- Chronic kidney disease (excluding PCKD)
- eGFR 20-60 mL/min
- 10-year cardiovascular disease risk of ³ 15% using Framingham Score
- ≥ 75 years of age
Treatment algorithm used all major classes of antihypertensives in no particular rank order. Participants were seen monthly for the first three months and every three months thereafter. The median follow-up was 3.26 years, but the study was stopped early due to the benefit of treatment group by the data and safety monitoring board of the trial.
562 primary outcome events identified
- 243 in the intensive group (1.65% per year)
- 319 in the control group (2.19% per year)
Number needed to treat to prevent a primary outcome – 61
Number needed to treat to prevent death from any cause – 90
Number needed to treat to prevent death from cardiovascular causes – 172
Serious Adverse Events
1793 participants in intensive group (38.3%)
1736 participants in control group (37.1%)
- Electrolyte abnormalities
- Acute kidney injury
- Injurious falls
25% lower relative risk of primary outcome in intensive group (5.2% vs 6.8%):
- 38% lower relative risk of heart failure (1.3% vs 2.1%)
- 43% lower relative risk of death from cardiovascular causes (0.8% vs 1.4%)
- 27% lower relative risk of death from any cause (3.3% vs 4.5%)
Should we be more aggressive in the SPRINT patient population?
(great review by Health News Review here)
First of all, this is only ONE study addressing a clinical question that has been extensively researched and we still don’t have good, reliable, reproducible results yet. See 2009 Cochrane Hypertension Review that stated blood pressure < 140/90 mmHg was not beneficial.
Second of all, the researchers seemed to down play the serious adverse events. The author of the Health News Review put a nice table together and did a few extra EBM calculations (below) to help illustrate:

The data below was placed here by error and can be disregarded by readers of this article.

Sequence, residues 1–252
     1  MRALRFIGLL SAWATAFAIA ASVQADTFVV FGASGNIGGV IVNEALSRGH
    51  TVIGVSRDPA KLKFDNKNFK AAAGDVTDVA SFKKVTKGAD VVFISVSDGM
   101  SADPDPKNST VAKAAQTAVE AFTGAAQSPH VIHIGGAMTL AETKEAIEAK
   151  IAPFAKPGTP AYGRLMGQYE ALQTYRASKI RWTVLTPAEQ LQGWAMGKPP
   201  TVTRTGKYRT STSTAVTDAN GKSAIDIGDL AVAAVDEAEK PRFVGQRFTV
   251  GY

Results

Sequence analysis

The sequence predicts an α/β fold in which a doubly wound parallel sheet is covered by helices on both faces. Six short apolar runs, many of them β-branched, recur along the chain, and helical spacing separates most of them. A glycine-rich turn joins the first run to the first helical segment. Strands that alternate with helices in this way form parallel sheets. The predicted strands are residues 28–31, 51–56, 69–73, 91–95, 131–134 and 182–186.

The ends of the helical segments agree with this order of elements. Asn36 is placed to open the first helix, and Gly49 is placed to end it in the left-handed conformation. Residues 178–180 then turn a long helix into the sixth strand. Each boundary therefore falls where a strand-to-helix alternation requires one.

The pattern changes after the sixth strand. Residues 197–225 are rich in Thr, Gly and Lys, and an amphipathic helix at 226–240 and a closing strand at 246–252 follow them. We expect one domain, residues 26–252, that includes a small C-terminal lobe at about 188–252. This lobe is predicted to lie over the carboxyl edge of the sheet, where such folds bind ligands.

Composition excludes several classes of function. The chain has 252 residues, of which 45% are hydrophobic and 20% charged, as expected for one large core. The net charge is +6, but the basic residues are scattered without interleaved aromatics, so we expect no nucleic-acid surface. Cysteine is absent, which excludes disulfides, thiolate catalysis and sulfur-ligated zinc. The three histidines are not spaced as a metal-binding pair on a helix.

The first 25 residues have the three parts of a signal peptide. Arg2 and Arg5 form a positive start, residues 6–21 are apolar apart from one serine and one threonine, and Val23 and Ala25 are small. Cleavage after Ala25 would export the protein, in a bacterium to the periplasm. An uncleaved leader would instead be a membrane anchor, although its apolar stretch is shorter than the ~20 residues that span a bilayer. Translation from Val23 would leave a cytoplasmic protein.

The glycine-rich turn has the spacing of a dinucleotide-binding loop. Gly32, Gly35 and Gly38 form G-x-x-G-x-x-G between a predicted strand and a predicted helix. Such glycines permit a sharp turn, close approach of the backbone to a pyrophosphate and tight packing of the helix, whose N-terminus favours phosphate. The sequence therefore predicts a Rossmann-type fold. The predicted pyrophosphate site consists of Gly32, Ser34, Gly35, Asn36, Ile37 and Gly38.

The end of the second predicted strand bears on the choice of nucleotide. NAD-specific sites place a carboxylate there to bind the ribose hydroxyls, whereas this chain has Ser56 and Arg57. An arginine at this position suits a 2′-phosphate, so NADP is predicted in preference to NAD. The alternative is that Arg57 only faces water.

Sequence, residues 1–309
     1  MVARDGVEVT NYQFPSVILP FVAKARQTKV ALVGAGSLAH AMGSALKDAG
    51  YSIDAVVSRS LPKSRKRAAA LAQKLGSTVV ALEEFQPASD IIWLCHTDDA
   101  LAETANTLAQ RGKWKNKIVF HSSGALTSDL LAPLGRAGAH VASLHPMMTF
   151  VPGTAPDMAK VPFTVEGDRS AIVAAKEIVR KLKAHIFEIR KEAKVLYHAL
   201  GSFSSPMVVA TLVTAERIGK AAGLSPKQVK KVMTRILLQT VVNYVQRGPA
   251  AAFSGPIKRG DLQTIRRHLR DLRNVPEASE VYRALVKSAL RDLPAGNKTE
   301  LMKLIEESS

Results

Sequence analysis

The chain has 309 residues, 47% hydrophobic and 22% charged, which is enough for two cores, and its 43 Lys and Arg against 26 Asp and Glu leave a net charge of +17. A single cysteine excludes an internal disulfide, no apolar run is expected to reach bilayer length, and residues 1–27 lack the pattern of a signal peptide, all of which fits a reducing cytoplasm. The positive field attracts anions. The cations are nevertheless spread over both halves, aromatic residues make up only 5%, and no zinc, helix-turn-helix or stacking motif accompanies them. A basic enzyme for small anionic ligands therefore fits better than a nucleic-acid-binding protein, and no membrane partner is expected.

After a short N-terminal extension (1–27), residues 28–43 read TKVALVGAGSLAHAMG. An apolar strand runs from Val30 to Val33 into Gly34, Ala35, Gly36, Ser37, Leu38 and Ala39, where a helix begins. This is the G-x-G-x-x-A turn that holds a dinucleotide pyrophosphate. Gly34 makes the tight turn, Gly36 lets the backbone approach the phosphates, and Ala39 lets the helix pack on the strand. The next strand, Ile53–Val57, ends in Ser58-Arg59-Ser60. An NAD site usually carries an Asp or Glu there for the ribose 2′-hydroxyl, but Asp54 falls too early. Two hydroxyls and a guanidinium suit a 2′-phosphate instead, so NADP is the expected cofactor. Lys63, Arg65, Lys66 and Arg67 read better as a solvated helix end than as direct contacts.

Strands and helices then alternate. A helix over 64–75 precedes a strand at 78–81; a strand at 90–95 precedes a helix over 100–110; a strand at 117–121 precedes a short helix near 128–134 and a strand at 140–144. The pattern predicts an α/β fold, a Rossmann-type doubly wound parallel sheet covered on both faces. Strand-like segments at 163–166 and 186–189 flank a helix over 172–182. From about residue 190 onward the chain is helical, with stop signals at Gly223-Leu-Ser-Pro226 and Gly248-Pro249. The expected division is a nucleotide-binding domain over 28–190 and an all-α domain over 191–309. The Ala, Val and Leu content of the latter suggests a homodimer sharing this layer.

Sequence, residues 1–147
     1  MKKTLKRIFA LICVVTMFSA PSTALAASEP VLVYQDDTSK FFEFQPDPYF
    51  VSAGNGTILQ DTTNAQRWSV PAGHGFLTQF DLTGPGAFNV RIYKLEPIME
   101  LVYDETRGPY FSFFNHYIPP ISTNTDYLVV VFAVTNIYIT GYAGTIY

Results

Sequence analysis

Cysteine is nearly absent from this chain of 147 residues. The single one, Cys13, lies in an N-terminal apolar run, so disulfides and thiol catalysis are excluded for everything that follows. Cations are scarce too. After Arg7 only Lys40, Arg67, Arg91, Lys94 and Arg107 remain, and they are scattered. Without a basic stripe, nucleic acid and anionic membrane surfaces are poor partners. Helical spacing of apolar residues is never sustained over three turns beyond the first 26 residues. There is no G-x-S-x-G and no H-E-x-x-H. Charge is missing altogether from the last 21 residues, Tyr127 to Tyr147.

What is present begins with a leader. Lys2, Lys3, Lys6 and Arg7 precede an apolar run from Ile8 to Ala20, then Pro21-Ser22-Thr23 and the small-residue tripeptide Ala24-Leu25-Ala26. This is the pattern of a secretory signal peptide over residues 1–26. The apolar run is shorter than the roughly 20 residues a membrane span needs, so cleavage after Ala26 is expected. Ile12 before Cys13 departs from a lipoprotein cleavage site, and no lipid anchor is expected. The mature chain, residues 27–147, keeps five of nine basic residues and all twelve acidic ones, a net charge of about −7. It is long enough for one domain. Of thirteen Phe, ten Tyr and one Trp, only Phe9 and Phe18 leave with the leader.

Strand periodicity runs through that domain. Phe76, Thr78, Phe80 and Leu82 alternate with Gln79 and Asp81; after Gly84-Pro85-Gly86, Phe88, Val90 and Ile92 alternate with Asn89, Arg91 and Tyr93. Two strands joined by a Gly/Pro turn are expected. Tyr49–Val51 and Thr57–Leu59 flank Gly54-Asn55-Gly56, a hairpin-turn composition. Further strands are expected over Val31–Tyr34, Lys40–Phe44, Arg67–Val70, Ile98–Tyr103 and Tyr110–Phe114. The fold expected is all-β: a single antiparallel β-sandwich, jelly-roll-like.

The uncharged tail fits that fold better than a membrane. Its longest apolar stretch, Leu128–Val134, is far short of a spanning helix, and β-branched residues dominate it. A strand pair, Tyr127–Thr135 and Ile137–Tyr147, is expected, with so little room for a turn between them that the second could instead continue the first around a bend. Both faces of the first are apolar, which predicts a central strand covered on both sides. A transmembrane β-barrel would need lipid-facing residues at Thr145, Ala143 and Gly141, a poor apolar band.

125: Number needed to treat to prevent one case of heart failure.
167: Number needed to treat to prevent one death by cardiovascular causes
83: Number needed to treat to prevent death by any cause
100: Number needed to harm to cause one case of hypotension
167: Number needed to harm to cause one case of syncope
125: Number needed to harm to cause one case of electrolyte abnormality
56: Number needed to harm to cause one case of acute kidney injury or renal failure
42: Number needed to harm to cause one serious adverse event
So what I take away from the SPRINT study:
- This is data from a single study. Need more to change practice.
- Composite endpoints should be used with caution…especially since it was stopped early and may overestimate the benefit and underestimate the risk.
- Researchers used automated BP measurements which is shown to be lower (5-10 mmHg) than auscultated BP measurement. This alone could cause clinicians to intensify BP control and increase adverse events that weren’t needed.
- It doesn’t help us with patients with diabetes, previous stroke, symptomatic heart failure, or nursing home residents…which encompass a lot of patients being managed for hypertension.
- James PA, Oparil S, Carter BL, et al. 2014 evidence-based guideline for the management of high blood pressure in adults: report from the panel members appointed to the Eighth Joint National Committee (JNC 8). JAMA. 2014;311(5):507-20.
- Hernandez-Vila E. A review of the JNC 8 blood pressure guideline. Tex Heart Inst J. 2015;42(3):226-228.
- The SPRINT Research Group. A randomized trial of intensive versus standard blood pressure control. N Engl J Med. 2015;373:2103-2116.